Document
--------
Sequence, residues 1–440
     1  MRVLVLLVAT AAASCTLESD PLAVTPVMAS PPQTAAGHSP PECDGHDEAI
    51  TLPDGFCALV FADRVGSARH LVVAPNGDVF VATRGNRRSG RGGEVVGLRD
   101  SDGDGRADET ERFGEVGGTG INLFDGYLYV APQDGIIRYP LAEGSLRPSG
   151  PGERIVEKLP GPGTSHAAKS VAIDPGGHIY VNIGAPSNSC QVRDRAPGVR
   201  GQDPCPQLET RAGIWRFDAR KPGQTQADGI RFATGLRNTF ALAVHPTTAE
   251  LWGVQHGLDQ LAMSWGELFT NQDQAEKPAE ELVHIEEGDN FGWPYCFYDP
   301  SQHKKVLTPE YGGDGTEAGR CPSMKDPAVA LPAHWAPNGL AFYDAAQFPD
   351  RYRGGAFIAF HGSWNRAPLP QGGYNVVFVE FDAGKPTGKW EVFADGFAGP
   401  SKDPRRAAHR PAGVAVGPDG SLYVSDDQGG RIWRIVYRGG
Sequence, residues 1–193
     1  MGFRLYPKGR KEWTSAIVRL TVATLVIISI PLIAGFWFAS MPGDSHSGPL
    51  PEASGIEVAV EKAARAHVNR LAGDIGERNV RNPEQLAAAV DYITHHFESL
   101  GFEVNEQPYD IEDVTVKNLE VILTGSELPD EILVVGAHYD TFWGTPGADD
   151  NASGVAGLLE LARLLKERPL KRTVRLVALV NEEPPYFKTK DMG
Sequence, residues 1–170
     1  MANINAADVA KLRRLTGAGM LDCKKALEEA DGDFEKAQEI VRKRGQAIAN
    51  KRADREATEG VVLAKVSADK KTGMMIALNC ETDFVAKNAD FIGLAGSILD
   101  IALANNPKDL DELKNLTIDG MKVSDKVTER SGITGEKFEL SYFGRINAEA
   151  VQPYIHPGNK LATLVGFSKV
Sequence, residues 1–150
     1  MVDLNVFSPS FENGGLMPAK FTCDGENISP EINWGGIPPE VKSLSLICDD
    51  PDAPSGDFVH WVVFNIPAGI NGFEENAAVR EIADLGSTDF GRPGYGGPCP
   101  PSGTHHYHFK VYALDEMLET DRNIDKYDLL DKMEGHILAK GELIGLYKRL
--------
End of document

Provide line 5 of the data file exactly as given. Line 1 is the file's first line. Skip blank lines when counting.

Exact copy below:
   151  PGERIVEKLP GPGTSHAAKS VAIDPGGHIY VNIGAPSNSC QVRDRAPGVR